Robot 6

‘Frienemies’: Tom Brevoort on the Marvel/DC rivalry

I’m starting to think we should make “What’s Tom Twittering Today?” one of our recurring features, like “Straight for the Art” or “Talking Comics with Tim.” Anyway, spurred by a comment from Amazing Spider-Man writer Dan Slott, Marvel Executive Editor Tom Brevoort took to his do-not-miss-it Twitter account to comment on the age-old competition between Marvel and DC — which, at least on Marvel’s end, seems to have heated up of late:

JLA/Avengers art by George Pérez

JLA/Avengers art by George Pérez

I am told by @DanSlott that I’m coming across as too mean and petty towards DC. Putting aside why Dan was Twittering rather than scripting[, it] seems like something I should address. First off, my affiliation should be clear, but that doesn’t mean I don’t like DC or it’s people. I know all of those characters just as forwards and backwards, and have edited more DC-related material than any other Marvel editor. And most DC editors have been pleasant. Dan Didio’s been nothing but nice whenever our paths have crossed. But by that same token, DC is the competition. Friendly, but not friends. Frienemies. The sports team rivalry between Marvel and DC is all part of the game, for readers as much as us. Everybody likes to cheer on their faves. It profits nobody for things to get too lovey-dovey with them. That’s dull for everyone. And, particularly when they start pulling plays from our playbook, we pride ourselves at being faster, sharper and smarter in [our] promo as well as in the books themselves. So, long story short, they stink and we’re great! And hey, it keeps us from talking about Dark Horse, Image or IDW …

(I’m pretty sure those last bits were said with tongue in cheek.)

So in short, Brevoort’s take seems to be of the “healthy rivalry” variety, something that’s not just good for the respective companies, but entertaining for their fans. Or, as he put it in response to a fan of both Marvel and DC who said he didn’t like to see the two companies being dicks to each other for no reason: “Never dicks just to be dicks. Always dicks with a point.”

This leaves me wondering a few things:

1) Which plays have DC swiped from Marvel’s playbook, in the eyes of the House of Ideas? ( 1.5) Do Houses have eyes?)

2) Will anyone from DC publicly sound off on the rivalry as well?

3) How does the trash-talk and gamesmanship play with the new corporate stewards of the two companies?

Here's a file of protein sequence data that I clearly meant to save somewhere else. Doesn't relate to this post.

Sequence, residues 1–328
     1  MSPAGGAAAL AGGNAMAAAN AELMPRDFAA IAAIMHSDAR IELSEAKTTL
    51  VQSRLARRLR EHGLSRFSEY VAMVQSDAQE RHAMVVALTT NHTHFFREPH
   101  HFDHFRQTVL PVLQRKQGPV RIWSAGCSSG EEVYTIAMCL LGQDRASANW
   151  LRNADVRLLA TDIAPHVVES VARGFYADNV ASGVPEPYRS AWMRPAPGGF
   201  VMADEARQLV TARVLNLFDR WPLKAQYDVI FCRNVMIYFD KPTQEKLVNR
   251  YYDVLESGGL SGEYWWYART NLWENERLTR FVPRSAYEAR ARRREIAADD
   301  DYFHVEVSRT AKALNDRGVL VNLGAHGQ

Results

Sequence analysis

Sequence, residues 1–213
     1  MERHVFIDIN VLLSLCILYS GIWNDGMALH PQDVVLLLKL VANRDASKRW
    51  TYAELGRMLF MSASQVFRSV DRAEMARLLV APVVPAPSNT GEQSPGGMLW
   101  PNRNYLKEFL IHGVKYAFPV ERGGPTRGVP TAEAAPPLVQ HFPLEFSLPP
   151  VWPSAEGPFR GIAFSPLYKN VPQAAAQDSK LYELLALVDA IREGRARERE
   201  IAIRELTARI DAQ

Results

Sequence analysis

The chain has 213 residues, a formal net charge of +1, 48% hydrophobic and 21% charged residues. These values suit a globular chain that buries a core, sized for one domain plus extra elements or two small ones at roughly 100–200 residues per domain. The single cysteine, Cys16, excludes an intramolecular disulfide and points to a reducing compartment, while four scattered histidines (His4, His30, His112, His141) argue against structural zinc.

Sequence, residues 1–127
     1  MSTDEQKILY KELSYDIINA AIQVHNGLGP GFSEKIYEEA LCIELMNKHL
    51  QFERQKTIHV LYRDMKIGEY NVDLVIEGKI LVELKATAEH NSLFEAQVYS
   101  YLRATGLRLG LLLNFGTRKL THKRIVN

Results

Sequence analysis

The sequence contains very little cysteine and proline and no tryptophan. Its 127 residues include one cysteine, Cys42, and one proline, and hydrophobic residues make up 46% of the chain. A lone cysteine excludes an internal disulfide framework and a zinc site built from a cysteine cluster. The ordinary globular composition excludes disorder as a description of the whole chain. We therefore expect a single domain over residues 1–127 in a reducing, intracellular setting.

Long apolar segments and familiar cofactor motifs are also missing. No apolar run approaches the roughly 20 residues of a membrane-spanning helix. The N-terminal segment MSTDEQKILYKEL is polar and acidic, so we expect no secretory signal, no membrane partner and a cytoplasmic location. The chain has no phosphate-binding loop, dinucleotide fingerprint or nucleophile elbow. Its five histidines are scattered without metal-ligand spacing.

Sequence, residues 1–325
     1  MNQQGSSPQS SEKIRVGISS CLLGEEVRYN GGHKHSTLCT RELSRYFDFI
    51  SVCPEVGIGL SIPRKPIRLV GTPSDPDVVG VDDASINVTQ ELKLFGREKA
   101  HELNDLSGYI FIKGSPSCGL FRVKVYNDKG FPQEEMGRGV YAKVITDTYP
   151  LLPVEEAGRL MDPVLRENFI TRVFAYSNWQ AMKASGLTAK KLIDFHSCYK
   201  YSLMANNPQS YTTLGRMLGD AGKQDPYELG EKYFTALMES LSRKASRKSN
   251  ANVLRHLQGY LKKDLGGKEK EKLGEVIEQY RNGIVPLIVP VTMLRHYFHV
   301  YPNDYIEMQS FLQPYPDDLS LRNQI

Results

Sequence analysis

I know where I’ll be looking for the answers …

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Comments

23 Comments

Regardless of what you think of Marvel’s Siege stunt or how we think DC should respond, it’s doubtful that anyone will, at least not directly with the news or social networking media. It’s been DC’s policy almost from the beginning to ignore jabs coming from Marvel and try to let their product speak for themselves.

There are exceptions, of course. For example, we all know what Paul Levitz felt about Quesada, but he only let that slip once (that I know of) in 10 years or so Quesada’s been EiC.

With frienemies like Marvel, who needs enemends?

Morrison took a jab at Secret Invasion. That lead Bendis to warn us of the upcoming Final Crisis train wreck.

Considering that DC rarely engages in this fratboy “frienemy” sniping, it’s Brevoort and his buddies that look positively dickheaded.

Everything done with Batman and Captain America in the last years looks like copied from one another.The resurection of Sidekicks, the death of the originals, the replacements, the return of the originals.

Sean T. Collins

January 19, 2010 at 9:55 am

Yet as far as I know, that was all planned completely independently. But it’s almost uncanny, isn’t it?

If you look closely at the top of Brevoort’s head, you’ll see the open end of a urethra.

Stealing from their playbook? Say what?

Norman Osborn as head of H.A.M.M.E.R. = Lex Luthor as president

Secret Invasion = Millennium

Bendis’ Avengers = Grant Morrison’s JLA (at least as far as lineup strategy goes)

Spider-Man: Reign = The Dark Knight Returns

I could go on and on, just as I’m sure I could come up with plenty of ways in which DC has copied Marvel. No one’s innocent in this one.

There is nothing wrong with a few friendly barbs back and forth… well… as long as there is a back and forth. It doesn’t quite have the same feel when all of the barbs originate on one side. But regardless of which companies get hurt feelings over what, I do think that type of behavior has an effect on the customers, and not quite the effect they are hoping for. Those types of stunts are really an attempt to further entrench the already-entrenched fans that the company has (it’s kinda like talk radio in that). But having worked in comic retail for years, I have to say that there really aren’t all that many customers that fit that description. Sure, I can think of a few customers that vehemently only read Marvel books, and likewise a few for DC, but the vast majority of customers regularly crossed company lines with their buys.